The emergence of e-cigarettes on the market seems like the most beautiful gift for smokers who are struggling to quit smoking, and maybe also social smokers who are just curious to try the latest trends. In a way, electric cigarettes provide all the pleasures of smoking tobacco with almost zero health risks, because in fact you only breathe water vapor and a little trace of nicotine.
Even though the use of e-cigarettes is increasing nowadays, not everyone is sure that vaping should be recommended as an alternative to tobacco smoking. A number of studies suspect that electronic cigarettes may contain harmful substances that have a detrimental effect on the lungs of their users. Here's a further explanation.
Electric cigarettes cause inflammation in the lungs
To examine the use of e-cigarettes on lung health, a research team from the Hellenic Cancer Society, Athens, reported by the Daily Mail, examined 54 tobacco smokers and vape aged 18-31 years. Of all, 27 had mild asthma. Researchers measured their lung function after each group smoked tobacco cigarettes and inhaled vape. Researchers also tested whether their lungs showed symptoms of inflammation, by measuring how much nitric oxide (NO) was exhaled. NO is a gas molecule produced by cells in the respiratory tract as an inflammatory response.
The researchers found e-cigarette users showed worse results on both tests than people who did not use vape. And the findings are more severe in people with asthma.
"Electronic cigarettes immediately damage lung function, which lasts for less than 30 minutes after smoking," said Dr. Andreas Lappas, of the Hellenic Cancer Society, Athens, the study author. Lappas continued, these results show that, as with tobacco smoking, vaping has a short-term effect that is more dangerous for asthmatics than for healthy smokers. This inflammatory effect in the lungs can trigger lung disease over time.
Commenting on this study, The British Lung Foundation recognizes that vaping can harm the lungs. Another study found that samples of white blood cells exposed to electric vapor released compounds that cause inflammation, suggesting that breathing vape vapors might have the same effect on the body.
Electric smoking can trigger cancer
Nicotine is not the main actor behind the threat of the dangers of cigarettes, but the smoke produced from the cigarette itself. Igniting matches on cigarettes causes tobacco leaves and cellulose paper to become burned. This combustion then releases free radical poisons that not only cause cancer, but also heart disease and various other problems.
Meanwhile, e-cigarettes use heat from the battery to vaporize a mixture of nicotine, glycerol or propylene glycol, and flavor (depending on the product). Heating occurs at a much lower temperature than burning in tobacco cigarettes, so it seems reasonable that vaping will not cause the release of all poisons that are the same as cigarettes.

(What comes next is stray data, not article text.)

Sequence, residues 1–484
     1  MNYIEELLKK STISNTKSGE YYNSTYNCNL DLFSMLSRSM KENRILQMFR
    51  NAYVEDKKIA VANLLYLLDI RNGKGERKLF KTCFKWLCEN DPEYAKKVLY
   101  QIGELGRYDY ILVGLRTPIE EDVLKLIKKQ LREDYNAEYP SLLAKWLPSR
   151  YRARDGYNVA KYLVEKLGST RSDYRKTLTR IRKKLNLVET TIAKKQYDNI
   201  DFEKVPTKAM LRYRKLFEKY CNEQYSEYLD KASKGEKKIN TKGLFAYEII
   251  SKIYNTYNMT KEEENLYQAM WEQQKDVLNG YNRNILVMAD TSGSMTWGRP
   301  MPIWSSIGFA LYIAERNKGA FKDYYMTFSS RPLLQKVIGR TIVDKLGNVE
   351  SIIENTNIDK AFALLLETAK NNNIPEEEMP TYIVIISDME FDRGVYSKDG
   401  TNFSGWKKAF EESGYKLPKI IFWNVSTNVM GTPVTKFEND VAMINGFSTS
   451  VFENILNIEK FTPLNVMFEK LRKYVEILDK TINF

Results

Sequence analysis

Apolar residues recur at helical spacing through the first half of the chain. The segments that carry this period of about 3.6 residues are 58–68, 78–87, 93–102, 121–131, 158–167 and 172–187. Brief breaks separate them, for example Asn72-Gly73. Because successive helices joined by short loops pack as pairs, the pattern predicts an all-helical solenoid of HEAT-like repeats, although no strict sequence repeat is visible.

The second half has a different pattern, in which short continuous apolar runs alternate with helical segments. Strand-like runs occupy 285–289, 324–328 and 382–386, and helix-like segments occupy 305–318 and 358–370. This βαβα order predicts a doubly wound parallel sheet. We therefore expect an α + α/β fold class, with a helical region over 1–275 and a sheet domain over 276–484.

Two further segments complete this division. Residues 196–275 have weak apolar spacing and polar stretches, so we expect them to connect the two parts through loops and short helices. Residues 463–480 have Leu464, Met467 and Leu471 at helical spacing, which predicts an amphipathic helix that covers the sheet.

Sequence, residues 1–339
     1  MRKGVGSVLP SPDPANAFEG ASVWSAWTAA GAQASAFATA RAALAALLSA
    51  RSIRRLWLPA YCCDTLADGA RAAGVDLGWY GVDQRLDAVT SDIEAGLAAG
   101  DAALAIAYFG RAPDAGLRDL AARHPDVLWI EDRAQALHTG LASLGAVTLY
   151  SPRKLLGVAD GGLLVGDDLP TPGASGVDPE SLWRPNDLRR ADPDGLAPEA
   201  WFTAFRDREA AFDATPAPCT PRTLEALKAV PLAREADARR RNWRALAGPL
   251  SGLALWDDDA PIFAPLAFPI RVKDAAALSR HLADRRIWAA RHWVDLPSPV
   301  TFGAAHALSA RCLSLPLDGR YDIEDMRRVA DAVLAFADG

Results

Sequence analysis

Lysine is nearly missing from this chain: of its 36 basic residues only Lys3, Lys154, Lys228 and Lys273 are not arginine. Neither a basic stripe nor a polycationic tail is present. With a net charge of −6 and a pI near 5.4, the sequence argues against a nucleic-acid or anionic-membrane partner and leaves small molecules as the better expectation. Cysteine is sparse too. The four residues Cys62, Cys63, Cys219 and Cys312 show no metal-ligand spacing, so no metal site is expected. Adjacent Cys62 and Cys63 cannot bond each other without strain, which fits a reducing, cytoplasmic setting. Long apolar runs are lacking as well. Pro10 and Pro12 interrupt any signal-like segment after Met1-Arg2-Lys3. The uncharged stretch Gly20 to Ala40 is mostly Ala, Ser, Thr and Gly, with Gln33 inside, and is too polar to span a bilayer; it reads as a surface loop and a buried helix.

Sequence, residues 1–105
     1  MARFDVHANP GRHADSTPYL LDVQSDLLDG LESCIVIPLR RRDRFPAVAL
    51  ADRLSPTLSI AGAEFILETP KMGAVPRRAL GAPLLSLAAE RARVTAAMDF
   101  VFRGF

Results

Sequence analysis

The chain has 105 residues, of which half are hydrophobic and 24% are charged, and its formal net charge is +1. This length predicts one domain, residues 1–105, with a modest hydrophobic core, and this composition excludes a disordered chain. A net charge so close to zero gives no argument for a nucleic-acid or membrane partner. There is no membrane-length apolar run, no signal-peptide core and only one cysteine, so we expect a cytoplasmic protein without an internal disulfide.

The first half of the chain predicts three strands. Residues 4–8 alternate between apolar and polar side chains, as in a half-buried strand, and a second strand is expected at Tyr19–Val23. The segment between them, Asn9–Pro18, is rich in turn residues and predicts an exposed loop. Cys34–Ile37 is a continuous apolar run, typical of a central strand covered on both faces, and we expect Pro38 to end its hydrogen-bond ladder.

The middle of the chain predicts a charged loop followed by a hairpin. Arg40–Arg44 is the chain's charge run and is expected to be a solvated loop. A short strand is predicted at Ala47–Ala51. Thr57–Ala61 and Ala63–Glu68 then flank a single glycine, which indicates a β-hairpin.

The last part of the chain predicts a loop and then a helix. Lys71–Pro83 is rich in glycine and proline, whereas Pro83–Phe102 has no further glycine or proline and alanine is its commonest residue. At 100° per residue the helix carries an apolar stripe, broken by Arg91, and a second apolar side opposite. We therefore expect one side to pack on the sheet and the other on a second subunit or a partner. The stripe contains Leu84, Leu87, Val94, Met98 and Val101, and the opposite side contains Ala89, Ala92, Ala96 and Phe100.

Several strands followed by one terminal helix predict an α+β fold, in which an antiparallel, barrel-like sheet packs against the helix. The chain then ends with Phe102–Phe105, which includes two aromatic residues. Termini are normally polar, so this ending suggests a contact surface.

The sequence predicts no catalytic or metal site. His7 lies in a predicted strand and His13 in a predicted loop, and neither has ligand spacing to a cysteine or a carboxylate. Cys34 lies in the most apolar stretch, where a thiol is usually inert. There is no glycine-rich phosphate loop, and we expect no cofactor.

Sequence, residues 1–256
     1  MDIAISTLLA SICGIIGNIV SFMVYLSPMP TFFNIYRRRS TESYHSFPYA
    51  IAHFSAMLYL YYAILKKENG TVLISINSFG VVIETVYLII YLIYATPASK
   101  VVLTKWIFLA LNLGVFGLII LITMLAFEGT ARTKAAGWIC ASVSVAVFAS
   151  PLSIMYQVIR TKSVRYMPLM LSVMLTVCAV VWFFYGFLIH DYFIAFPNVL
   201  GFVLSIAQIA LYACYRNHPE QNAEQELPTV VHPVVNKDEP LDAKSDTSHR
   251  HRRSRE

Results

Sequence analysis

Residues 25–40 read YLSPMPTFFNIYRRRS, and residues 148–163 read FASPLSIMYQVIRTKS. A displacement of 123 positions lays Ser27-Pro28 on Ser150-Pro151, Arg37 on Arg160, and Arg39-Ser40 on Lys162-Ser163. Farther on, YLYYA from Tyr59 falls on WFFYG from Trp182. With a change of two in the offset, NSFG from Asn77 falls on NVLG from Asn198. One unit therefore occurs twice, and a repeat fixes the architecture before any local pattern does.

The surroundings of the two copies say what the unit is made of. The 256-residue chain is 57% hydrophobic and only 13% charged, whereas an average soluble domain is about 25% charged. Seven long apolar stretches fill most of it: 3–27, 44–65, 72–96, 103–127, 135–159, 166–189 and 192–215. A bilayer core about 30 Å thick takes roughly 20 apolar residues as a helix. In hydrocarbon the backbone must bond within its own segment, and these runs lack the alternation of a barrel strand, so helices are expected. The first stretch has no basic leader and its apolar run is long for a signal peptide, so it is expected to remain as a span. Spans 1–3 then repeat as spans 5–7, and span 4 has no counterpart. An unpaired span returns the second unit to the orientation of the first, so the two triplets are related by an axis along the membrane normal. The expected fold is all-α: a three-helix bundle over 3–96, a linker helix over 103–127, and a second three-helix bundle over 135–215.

But vape ad claims that you only breathe water vapor and traces of nicotine are not entirely true, according to Stanton Glantz, professor of medicine and director of the Center for Tobacco Control Research and Education at the University of California, reported from The Week. Electric cigarette smoke may contain traces of cancer-causing chemicals, such as formalin, aldehyde, acrolein, and diethylene glycol, or toxic metals such as nickel. The higher the battery voltage, the higher the temperature in the coil in e-cigarettes - and the higher the heat produced means the greater the amount of chemicals released.
Emissions also vary based on how long the e-cigarette has been used. The longer it is used, the higher the level of chemicals released, including formalin, acetaldehyde, and acrolein - all are carcinogens or respiratory irritating agents. This is because chemical residues accumulate in or near the heating coil. As this residue heats up, vape releases even more chemicals.
This combination of chemicals can trigger cell damage that can cause cancer, said researchers from the Veterans Affairs San Diego Healthcare System. Researchers used the fumigation technique of vapor vapors directly on samples of healthy epithelial cells (which line organs, glands, and entire body cavities - including the mouth and lungs) in the petri dish. They found this chemical toxin harms body cells in a way that can trigger tumor development even if the vape is nicotine free.
Based on these studies, affected body cells are more likely to be programmed to experience cell injury (necrosis) or cell death (apoptosis). The cells that are affected by smoke, in particular, show signs of breaking the DNA double helix chain. When one or both chains break and the cell repair process does not work properly, this can cause cancer.
Vaping still has no rules
The scientific evidence behind e-cigarettes is still very limited and inconclusive. Electric cigarette is also not regulated by the US FDA or BPOM RI, which basically allows e-cigarette manufacturers to operate without much supervision over the contents of nicotine and other chemical components in their e-cigarettes. The available evidence to date shows that e-cigarettes produce poisons at very low levels compared to tobacco cigarettes, so health experts think vaping risk tends to be low - and certainly much lower than tobacco.
On the other hand, chronic diseases such as cancer, lung disease, and heart disease need several years to develop - the use of vape that has only recently become widespread so it is not long enough to develop disease. Also, most e-cigarette users are smokers or ex-smokers, so it will be difficult to decipher whether smoking or vaping is the real cause of any disease that might develop.
Studies have examined the effects of e-cigarette smoke on cultured cells and laboratory animals, but no one has accurately told us what could actually happen due to the use of e-cigarettes in the real world in human in the long run.
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